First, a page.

I often like contrarians. But there’s a brutal selection process of failures before a tiny few contrarians stick out as successful. Redeveloping the, by all rocket scientists I ever heard of, greatly lauded main shuttle engine into a non-reusable one, is contrarian considering the strong reusability trend. However, there’s an important difference between being contrarian because of hopes of new technologies, and being revertarian by going retro because you’re lazy and coward and too comfortably tucked over by a flood of tax money regardless of your achievement.

  • Calvin Dodge

    It amuses me greatly that Scott Pace and Mike Griffin still insist that SLS has a bright future (on The Space Show, Pace said companies shouldn’t dictate architecture – NASA should, as directed by Congress).

  • wodun

    Griffin gave some mixed statements on SLS but he should read up on the sunk cost fallacy.

  • Edward

    A billion here, a billion there, pretty soon, you’re talking real money. — Everett Dirksen as misquoted by a “newspaper fella”

    Your $38 billion estimate may be a little low. First, page 10 of “Capitalism In Space” mentions that “Adding the Orion project’s estimated price tag of $18 billion to that of Ares/SLS, $25 billion, we expect it will cost the taxpayer approximately $43 billion to build two SLS rockets, three Orion engineering test capsules, and the three Orion flight capsules. These budget numbers do not include any additional Orion/SLS rockets or capsules, nor do they include the service module Orion needs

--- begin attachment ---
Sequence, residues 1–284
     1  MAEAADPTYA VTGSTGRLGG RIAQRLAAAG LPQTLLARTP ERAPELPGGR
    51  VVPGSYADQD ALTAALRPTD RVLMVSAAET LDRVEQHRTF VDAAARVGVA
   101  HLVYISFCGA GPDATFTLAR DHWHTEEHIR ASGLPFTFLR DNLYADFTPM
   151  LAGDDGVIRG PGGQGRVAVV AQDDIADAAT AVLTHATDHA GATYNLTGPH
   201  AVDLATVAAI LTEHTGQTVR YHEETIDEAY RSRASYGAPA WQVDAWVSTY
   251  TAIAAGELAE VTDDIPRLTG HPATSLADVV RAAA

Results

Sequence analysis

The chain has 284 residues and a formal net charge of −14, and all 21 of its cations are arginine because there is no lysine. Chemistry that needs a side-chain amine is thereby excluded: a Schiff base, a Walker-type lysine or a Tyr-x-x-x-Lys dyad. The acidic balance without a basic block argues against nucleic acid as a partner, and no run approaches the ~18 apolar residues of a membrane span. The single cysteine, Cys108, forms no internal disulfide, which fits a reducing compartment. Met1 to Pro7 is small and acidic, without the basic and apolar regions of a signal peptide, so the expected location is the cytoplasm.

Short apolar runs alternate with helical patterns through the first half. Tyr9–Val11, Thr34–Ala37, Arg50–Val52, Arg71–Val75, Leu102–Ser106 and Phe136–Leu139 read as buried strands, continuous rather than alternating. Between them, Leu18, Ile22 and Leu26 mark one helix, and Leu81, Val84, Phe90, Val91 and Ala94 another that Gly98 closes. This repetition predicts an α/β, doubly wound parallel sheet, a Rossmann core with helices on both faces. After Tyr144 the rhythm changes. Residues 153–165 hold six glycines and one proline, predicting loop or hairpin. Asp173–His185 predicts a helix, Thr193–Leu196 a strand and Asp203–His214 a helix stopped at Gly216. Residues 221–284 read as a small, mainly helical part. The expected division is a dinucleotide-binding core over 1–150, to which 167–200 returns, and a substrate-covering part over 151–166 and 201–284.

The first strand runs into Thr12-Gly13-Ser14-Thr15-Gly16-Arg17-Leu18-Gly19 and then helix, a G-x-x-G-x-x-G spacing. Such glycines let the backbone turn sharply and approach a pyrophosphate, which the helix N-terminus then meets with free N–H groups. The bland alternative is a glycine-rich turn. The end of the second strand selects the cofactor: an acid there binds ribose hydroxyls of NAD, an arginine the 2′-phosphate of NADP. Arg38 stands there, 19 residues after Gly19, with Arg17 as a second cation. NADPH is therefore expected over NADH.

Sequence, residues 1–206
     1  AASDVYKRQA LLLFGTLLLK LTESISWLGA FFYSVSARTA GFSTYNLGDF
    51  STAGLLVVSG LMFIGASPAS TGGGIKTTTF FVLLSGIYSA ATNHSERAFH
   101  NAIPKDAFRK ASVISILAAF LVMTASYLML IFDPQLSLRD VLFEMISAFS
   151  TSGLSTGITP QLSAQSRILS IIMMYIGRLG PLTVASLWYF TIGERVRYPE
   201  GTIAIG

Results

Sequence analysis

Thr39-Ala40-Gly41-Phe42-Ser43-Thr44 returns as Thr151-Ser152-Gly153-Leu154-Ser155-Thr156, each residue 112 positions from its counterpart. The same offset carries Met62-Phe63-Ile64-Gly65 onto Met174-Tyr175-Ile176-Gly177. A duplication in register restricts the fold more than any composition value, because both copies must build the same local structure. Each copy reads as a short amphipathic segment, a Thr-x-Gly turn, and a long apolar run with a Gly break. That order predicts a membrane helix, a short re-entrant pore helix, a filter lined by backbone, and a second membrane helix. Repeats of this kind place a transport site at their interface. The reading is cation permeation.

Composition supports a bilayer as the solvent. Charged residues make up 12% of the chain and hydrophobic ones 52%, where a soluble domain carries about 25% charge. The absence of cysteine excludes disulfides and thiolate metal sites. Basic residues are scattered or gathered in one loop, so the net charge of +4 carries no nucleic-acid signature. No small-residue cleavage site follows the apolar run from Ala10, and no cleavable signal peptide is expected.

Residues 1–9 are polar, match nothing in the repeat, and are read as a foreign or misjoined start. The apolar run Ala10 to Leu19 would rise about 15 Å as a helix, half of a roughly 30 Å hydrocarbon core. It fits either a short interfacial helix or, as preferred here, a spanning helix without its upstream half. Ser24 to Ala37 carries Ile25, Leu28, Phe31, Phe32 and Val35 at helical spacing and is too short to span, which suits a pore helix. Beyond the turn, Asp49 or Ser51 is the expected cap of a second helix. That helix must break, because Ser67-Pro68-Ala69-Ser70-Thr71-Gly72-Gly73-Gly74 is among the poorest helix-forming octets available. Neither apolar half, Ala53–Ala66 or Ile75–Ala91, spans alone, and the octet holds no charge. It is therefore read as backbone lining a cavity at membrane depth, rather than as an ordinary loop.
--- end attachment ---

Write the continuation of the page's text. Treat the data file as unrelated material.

This brings up two points, A) your previous estimate was $43 billion, but that may include the EM-2 flight, and B) the service module is not included, as it is a bartered item, trading European ISS access for an Orion need. To get a more accurate cost of Orion/SLS, Europe’s spending on the service module should be included, or perhaps more appropriately, included should be the NASA spending on ISS that the service module replaces.

    Second, the linked article mentions that there are three three ESD (Exploration Systems Development ) programs, Ground Systems Development and Operations (GSDO), Orion, and Space Launch System (SLS). I did a quick look in your “Capitalism In Space” paper, but I didn’t find and don’t recall that you included the Ground Systems Development costs into the estimated spending on NASA’s next manned spaceflight system. If GSDO spending is included, doesn’t the $38 (or $43) billion cost estimate increase for the single unmanned test flight?

    The private space industry is doing far, far more than Congress’s ESD/SLS program, and doing it at 1/3 the cost.

    SpaceX may even send two paying passengers around the Moon, next year, performing a mission similar to Orion/SLS’s first manned mission, four or so years from now, but at a total cost that is far less than NASA is spending on their Congress-mandated manned exploration program.